Grammar Patterns

ADJ in n

The 'plastered' group

These adjectives indicate that something or someone is covered or partly covered by something. We include here bathed, cocooned, and shrouded, which indicate a metaphorical covering.
As I recovered my senses I realised I was bathed in a cold sweat.
The population was cocooned in a web of welfare and regulation that was financed by increasing debt.
The caterpillar is a leaf worm, often found enveloped in a cabbage or a vine.
One new supermarket has its windows plastered in cheap, tacky advertising posters.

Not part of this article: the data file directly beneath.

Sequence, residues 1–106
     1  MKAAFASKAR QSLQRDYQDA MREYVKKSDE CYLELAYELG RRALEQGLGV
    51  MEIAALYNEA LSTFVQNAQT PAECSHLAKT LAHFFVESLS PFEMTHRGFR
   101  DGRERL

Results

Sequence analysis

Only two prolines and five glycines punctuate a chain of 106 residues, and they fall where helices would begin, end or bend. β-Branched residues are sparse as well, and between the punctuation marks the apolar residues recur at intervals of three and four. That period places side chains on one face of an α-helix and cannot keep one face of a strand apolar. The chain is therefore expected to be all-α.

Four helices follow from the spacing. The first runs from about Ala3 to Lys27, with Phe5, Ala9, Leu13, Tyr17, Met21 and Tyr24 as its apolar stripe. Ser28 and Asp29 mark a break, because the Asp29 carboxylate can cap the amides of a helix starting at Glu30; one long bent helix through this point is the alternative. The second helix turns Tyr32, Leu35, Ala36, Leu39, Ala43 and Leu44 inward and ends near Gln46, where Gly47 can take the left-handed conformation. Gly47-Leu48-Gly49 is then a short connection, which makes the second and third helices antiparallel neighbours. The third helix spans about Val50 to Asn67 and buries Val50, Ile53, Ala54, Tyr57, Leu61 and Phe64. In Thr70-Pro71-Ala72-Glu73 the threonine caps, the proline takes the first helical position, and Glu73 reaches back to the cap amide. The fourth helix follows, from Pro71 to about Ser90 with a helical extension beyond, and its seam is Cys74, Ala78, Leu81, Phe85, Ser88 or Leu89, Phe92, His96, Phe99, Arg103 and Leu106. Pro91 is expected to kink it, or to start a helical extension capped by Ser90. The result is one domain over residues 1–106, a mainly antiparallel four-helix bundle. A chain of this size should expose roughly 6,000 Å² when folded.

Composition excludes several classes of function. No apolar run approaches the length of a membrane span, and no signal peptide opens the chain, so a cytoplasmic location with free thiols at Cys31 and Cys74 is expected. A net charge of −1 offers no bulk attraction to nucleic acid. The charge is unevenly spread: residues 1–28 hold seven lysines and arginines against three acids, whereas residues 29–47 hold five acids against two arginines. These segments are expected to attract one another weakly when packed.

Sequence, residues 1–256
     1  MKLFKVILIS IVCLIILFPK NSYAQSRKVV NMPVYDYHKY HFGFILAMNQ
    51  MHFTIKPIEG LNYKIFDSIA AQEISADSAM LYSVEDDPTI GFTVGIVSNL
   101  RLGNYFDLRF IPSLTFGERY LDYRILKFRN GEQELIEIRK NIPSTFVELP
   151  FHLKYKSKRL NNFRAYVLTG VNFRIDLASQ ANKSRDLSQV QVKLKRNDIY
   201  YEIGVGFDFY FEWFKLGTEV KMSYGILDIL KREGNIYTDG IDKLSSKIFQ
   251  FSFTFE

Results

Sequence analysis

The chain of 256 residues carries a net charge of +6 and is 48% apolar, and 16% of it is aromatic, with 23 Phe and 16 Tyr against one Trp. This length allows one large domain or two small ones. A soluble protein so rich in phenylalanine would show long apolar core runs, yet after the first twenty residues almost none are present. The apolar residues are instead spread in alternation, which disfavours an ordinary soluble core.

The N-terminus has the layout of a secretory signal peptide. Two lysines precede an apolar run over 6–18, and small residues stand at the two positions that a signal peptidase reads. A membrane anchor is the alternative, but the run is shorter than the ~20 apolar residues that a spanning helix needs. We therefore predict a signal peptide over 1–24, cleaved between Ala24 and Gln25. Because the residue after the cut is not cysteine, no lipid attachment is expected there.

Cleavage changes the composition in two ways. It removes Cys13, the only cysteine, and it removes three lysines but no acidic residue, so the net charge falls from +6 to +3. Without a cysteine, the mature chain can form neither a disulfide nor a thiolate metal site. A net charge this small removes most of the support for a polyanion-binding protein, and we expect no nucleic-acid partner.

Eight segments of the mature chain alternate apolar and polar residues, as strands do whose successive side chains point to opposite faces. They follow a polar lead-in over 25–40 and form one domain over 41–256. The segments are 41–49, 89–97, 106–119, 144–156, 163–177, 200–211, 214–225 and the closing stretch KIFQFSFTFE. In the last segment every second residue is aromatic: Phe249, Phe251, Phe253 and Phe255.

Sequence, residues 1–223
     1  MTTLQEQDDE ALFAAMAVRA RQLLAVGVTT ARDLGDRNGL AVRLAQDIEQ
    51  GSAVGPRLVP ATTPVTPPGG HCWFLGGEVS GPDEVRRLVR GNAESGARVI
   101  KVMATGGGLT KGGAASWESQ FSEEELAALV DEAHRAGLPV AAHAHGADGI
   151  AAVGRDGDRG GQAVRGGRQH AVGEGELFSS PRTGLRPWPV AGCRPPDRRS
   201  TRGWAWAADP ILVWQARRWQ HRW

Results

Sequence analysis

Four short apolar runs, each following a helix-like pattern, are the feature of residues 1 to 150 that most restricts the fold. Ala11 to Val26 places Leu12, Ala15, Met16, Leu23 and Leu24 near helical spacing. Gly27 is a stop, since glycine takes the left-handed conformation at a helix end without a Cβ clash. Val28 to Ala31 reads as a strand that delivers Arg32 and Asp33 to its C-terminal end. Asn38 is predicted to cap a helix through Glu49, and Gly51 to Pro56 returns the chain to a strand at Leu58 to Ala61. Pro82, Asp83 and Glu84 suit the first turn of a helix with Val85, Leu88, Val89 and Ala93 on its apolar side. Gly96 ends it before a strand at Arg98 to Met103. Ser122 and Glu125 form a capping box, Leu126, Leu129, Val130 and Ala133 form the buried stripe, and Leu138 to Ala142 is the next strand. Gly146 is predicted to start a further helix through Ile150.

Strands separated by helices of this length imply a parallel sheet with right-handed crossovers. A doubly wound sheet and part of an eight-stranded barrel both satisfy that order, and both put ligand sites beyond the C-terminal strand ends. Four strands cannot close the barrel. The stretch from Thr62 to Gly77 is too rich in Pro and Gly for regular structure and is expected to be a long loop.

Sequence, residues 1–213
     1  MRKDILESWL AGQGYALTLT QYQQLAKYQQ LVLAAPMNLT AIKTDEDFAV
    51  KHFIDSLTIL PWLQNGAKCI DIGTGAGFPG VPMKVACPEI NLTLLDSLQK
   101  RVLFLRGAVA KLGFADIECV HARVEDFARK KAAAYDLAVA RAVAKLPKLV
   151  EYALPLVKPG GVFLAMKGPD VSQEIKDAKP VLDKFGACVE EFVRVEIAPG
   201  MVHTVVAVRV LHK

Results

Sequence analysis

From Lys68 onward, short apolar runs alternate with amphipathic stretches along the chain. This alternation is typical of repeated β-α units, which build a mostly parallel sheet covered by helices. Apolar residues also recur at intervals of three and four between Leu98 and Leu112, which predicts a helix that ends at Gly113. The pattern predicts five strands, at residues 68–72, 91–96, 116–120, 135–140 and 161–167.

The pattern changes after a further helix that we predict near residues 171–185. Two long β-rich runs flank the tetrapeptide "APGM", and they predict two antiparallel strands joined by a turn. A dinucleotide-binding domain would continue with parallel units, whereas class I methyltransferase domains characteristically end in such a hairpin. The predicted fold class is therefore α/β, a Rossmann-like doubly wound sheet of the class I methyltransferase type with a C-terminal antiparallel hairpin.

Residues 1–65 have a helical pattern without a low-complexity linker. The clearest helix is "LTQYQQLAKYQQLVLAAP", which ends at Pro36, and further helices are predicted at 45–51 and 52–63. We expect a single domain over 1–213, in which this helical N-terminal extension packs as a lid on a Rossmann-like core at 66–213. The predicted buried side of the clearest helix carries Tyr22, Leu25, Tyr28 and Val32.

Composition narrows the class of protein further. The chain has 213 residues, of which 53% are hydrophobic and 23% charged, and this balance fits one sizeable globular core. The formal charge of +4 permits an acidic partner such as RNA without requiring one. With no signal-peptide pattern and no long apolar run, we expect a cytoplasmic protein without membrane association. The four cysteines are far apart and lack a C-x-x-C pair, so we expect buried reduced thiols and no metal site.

His disappearance was shrouded in mystery.
The adjective knee deep is used to describe either a person or the ground.
In winter, the countryside was either knee deep in mud and muck or frozen solid.
The director, sleek and handsome in a wetsuit, was standing knee-deep in a river, directing.
In the case of banded, edged, and upholstered, the preposition in is sometimes followed by a colour word. This pattern is ADJ in colour.
An irregular portion on the left of the map was edged in a mild green.
  • banded
  • bathed
  • bedecked
  • clad
  • clothed
  • coated
  • cocooned
  • covered
  • drenched
  • edged
  • enveloped
  • finished
  • knee-deep
  • plastered
  • shrouded
  • smothered
  • upholstered
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